Gibraltarian cuisine is the result of a long relationship between the Andalusian Spaniards and the British, as well as the many foreigners who made Gibraltar their home over the past three centuries. The culinary influences include those from Malta, Genoa, Portugal, Andalusia and Britain. This marriage of tastes has given Gibraltar an eclectic mix of Mediterranean and British cuisine.
Below are some examples of typical Gibraltarian dishes.
Popular local pasta dish of Italian origin consisting of penne in a tomato sauce with beef or occasionally pork, mushrooms and carrots (among other vegetables depending on family tradition) and topped with grated "queso bola". The origin of its name is unknown, however, one theory is that it comes from the Italian arrosto (English: roasting) as similar dishes are eaten in Italy using roast pork instead.
Fideos al horno
A baked pasta dish very similar to Maltese imqarrun which consists of macaroni, bolognese sauce, and various other ingredients including egg and bacon that vary according to family tradition. The macaroni is usually topped with a layer of grated cheese or béchamel that melts during the baking process and aids in binding. Even though the dish's main ingredient is macaroni, the name fideos al horno is actually Spanish for 'baked noodles'.
is very similar to the Italian Farinata
This is a locally baked pancake-like dish, the Italian farinata, also known in Genoa as fainá. It is made with chickpea flour, water, olive oil, salt and pepper. The word calentita comes from the Spanish word caliente, meaning hot or warm and has an oily texture. It was probably first given this name during the early 1900s and perhaps earlier when street vendors would shout out "Calentita!", informing people that it was fresh out of the oven. The last calentita street vendor, Paloma, is still remembered locally by the older generations. Calentita is considered to be Gibraltar's national dish.
A bread-like dish similar to the calentita. Sharing its Italian origins, it is a descendant of the Genoese dish with the same name - "panissa". Unlike calentita the ingredients are first cooked in a pan to form a paste which is then left to set. When the polenta-like dough is set, it is cut into small strips and fried in olive oil.
Bollo de hornasso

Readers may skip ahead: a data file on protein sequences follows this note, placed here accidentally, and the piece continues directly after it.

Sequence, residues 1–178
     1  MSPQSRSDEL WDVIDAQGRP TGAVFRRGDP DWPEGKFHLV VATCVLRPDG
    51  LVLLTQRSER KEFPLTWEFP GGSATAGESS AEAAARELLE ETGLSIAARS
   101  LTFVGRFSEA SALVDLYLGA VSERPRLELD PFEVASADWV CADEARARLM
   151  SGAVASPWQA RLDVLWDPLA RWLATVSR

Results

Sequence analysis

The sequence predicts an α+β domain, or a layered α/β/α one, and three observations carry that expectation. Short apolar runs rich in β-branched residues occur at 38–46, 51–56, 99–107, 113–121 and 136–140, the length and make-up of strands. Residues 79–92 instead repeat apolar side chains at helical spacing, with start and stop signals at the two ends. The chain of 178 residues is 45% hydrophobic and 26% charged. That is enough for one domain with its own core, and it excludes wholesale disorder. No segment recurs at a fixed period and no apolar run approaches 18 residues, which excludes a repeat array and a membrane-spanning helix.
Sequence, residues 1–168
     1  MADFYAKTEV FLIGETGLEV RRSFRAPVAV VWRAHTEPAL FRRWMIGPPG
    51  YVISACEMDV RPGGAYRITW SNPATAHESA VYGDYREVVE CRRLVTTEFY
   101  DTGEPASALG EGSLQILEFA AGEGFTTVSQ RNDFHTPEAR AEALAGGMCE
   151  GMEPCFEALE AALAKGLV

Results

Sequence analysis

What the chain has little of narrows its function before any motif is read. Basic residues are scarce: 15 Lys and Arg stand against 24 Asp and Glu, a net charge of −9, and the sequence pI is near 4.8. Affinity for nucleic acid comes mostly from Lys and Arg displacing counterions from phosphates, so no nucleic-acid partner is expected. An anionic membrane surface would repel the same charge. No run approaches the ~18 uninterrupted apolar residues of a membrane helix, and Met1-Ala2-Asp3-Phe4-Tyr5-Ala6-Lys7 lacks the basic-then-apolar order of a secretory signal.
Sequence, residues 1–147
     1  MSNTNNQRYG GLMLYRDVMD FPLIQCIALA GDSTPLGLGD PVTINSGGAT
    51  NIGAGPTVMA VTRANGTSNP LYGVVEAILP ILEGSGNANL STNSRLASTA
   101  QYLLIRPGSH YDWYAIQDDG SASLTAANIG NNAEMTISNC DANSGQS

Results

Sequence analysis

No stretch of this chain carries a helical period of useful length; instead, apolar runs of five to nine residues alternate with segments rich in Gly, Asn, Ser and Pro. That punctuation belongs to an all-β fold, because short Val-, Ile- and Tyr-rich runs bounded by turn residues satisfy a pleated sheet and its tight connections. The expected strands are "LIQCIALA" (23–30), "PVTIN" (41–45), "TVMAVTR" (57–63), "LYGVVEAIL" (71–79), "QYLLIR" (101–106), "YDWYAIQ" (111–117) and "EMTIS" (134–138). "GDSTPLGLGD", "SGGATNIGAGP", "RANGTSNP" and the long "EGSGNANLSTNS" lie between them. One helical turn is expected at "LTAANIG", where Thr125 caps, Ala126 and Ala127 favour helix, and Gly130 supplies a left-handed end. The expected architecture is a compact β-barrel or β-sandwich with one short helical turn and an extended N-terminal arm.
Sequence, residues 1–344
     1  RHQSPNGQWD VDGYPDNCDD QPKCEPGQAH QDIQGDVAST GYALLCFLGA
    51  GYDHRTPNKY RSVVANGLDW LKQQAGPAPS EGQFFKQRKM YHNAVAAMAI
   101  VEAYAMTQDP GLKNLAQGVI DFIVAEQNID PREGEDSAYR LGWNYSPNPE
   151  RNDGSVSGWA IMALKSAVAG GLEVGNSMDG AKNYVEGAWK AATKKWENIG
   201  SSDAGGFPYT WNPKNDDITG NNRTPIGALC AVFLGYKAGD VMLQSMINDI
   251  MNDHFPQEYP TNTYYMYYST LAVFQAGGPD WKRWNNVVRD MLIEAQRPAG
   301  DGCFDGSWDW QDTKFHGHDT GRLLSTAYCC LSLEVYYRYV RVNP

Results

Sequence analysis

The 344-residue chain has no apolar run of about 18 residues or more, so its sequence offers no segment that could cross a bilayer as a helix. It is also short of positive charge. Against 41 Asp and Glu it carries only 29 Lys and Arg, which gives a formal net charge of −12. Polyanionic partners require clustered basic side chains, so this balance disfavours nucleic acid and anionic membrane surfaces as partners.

A sweet and dry bread similar to the Spanish hornazo. It is made with self-raising flour, sugar, eggs, butter or margarine and aniseed. Bollos de hornasso are eaten around Easter just as in Spain, but in Gibraltar they are also popular during Christmas. Gibraltarian hornassos can normally be distinguished from the original Spanish hornazo as they do not tend to be decorated with hard-boiled eggs (however, Gibraltarian families of Spanish descent may still decorate them in this manner). It usually glazed with beaten egg and sometimes decorated with hundreds and thousands.
A sweet fruit and nut bread eaten at Christmas time. The term pan dulce means "sweet bread" in Spanish, but its origins may lie in Italy with the Genoese pandolce or Portuguese sweet bread. Its main ingredients can include lard, margarine, sugar, self-raising flour, blanched almonds, raisins, sultanas, pine nuts, candied peel, eggs, aniseed and anisette among others. It is sometimes decorated with hundreds and thousands just like the bollo de hornasso.
sliced in half
A thin slice of beef surrounding breadcrumbs, bacon, eggs, olives, vegetables and herbs. These can be baked, fried or cooked in wine. Rolitos is another dish of Maltese origin, similar to braġjoli. It is also known as beef olives in English, even though some families prefer making them with pork or even chicken. The word rolito comes from the Spanish word rollo meaning 'roll', as the meat is rolled to hold the other ingredients inside.
The japonesa (English: Japanese lady) is a sweet fried doughnut filled with a custard-like cream. Japonesas are usually enjoyed at teatime or as a snack. They are traditionally coated in syrup or granulated sugar. The origin of its name is unknown but resembles the Japanese dorayaki.